Butterflied chicken (or spatchcocked chicken), just means cutting out the backbone so that the chicken lies flat, and in turn, cooks faster and more evenly.
Grilled bone-in chicken, is best cooked over indirect heat and then finished over higher heat to crisp the skin. It is hard to do with a whole chicken because inevitably, the breast meat dries out before the dark meat is cooked. However, there are some tricks in this cooking method that get around this problem to give you some seriously delicious chicken.
Prep the grill – Prepare your grill for indirect cooking by lighting only one side of the grill and turning it to high heat, leaving the other side of the grill off. You will place the chicken over the “off” side, and the heat from the “on” side will cook it indirectly.
Butterfly/spatchcock the chicken – Turn the chicken breast-down so that the backbone faces up with the tail towards you. With a pair of kitchen shears, cut up along both sides of the backbone, removing it completely so that the chicken can be laid flat.
Turn the chicken breast-up and with the heel of your hand, press down on the breast to break the breast bone so that it lays even flatter.
- 1/2 cup canola oil
- 2 tablespoons finely chopped fresh garlic
- 2 tablespoons finely chopped fresh thyme
- 2 tablespoons grated lemon zest
- 1 tablespoon chopped onion
- Pinch crushed red pepper flakes
- 1 (3-4 pound) whole chicken, butterflied
- Salt and freshly ground black pepper
- Special Equipment – Charcoal chimney starter, instant-read thermometer,
- Whisk together the oil, garlic, thyme, lemon zest and onion in a large baking dish. Add the chicken and turn to coat in the oil. Cover and let marinate in the refrigerator for at least 2 hours and up to 8 hours. (Brining a whole chicken adds significant moisture to the bird. We’ll cover this in another post soon)
- When ready to cook, prep the grill. For a charcoal grill, light one chimney full of charcoal. When all charcoal is covered with gray ash, pour out and spread coals evenly over one-half of bottom grill grate. If using a gas grill, set half the burners of a gas grill to high heat, the other side burners off. Put the cooking grates in place, cover grill, and allow to preheat for 5 minutes.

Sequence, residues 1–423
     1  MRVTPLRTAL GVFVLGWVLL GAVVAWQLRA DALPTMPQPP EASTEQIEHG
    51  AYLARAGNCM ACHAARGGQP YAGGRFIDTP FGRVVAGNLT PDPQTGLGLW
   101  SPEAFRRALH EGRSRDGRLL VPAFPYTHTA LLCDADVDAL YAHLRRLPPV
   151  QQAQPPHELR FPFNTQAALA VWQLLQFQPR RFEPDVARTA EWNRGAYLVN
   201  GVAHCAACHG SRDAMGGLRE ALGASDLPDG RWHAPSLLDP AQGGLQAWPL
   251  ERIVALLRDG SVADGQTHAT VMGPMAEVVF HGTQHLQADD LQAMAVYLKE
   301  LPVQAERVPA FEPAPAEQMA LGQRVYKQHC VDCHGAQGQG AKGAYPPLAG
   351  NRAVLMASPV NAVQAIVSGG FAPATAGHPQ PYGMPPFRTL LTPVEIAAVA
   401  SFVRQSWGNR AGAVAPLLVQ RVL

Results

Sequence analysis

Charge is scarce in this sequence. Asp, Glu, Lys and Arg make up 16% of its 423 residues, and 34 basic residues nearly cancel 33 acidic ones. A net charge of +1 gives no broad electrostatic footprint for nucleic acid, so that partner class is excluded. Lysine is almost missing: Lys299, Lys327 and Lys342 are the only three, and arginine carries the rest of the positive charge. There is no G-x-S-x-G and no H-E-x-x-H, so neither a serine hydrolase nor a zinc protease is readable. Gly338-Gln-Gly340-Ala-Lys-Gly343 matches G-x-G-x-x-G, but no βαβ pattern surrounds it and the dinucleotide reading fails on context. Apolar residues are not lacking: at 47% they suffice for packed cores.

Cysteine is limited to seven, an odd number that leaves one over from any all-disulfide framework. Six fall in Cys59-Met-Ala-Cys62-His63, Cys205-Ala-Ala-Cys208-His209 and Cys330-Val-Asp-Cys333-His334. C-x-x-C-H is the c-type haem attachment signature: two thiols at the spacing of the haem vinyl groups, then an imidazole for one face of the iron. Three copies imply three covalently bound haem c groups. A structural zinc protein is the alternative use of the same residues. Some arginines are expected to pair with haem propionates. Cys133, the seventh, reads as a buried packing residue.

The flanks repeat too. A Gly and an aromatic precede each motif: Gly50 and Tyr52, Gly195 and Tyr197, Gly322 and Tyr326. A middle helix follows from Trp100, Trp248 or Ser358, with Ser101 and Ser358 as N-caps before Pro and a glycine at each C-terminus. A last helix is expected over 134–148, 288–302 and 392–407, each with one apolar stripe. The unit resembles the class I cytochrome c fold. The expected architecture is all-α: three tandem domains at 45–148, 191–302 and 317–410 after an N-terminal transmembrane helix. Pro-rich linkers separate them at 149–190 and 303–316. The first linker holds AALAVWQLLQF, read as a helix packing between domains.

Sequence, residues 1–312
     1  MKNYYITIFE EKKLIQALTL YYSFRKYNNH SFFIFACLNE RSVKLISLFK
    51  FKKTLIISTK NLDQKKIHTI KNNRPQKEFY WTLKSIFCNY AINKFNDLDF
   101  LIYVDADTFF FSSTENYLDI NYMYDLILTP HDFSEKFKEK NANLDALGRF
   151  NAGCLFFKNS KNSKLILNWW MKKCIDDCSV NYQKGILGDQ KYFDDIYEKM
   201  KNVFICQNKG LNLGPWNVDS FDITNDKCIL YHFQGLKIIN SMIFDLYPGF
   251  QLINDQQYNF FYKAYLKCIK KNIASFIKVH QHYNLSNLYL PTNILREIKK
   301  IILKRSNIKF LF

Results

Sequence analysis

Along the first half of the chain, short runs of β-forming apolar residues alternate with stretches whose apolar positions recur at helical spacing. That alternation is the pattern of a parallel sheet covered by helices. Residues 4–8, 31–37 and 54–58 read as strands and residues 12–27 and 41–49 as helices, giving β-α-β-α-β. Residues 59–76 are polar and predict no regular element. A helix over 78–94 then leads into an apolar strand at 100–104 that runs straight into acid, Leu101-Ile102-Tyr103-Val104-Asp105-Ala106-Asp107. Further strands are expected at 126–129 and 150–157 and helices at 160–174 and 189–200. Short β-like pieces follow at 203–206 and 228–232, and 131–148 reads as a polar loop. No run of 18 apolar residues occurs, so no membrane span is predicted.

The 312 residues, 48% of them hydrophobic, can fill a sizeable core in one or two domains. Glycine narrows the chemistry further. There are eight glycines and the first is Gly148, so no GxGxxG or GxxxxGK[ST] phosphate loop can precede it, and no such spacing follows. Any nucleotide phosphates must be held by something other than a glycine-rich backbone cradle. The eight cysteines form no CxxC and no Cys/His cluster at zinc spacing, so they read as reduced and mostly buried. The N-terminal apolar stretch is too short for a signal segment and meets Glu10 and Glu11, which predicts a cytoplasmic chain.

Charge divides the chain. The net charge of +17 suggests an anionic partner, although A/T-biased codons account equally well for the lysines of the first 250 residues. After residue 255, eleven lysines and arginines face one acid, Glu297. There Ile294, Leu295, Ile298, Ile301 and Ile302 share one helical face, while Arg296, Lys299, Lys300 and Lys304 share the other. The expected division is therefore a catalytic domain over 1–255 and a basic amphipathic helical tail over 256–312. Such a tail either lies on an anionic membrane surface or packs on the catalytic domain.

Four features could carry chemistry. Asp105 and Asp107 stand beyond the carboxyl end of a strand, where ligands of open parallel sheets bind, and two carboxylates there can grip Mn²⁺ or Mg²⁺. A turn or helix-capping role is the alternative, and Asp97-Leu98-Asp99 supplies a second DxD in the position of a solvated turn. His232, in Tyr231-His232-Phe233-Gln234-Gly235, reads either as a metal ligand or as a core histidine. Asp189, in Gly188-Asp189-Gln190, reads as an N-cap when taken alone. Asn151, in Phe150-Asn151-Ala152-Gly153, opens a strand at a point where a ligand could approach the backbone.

- Remove the chicken from the marinade and season both sides with salt and pepper.
- Place the chicken, skin side up, on the “off” side of the grill with the legs facing towards the hot side. Cover grill with the vents on lid open. Open bottom vents of grill if using a charcoal grill.
- Cook until an instant-read thermometer inserted into thickest part of breast registers 110°F. Should be about 20 minutes or so.
- Do not leave the lid off for longer than it takes to check temperature.
- Carefully flip chicken and place on hot side of grill, skin side down, with breasts pointed toward cooler side. If using a gas grill, reduce heat to medium-low. Press down with a grill spatula to get good contact between bird and grill grates.
- Turn the chicken over, close the cover and continue cooking until just cooked through, about 20 minutes longer. The skin should be crisp and an instant-read thermometer inserted into thickest part of breast registers 150 to 155°F.
- If chicken looks like it will burn before temperature is achieved, carefully slide to cooler side of grill, cover, and continue to cook until done.
- Remove from the grill, transfer to a cutting board and loosely tent with foil and let rest 10 minutes before cutting. (Internal temperature will continue to rise.)
- Carve (see video link below) and serve.
How to carve a Butterflied Chicken – This NY Times video is about carving a Turkey. The same principles apply here for a butterflied chicken: https://www.nytimes.com/video/dining/100000002542844/how-to-carve-a-turkey.html
This method of carving makes serving easier and the presentation can be eye catching.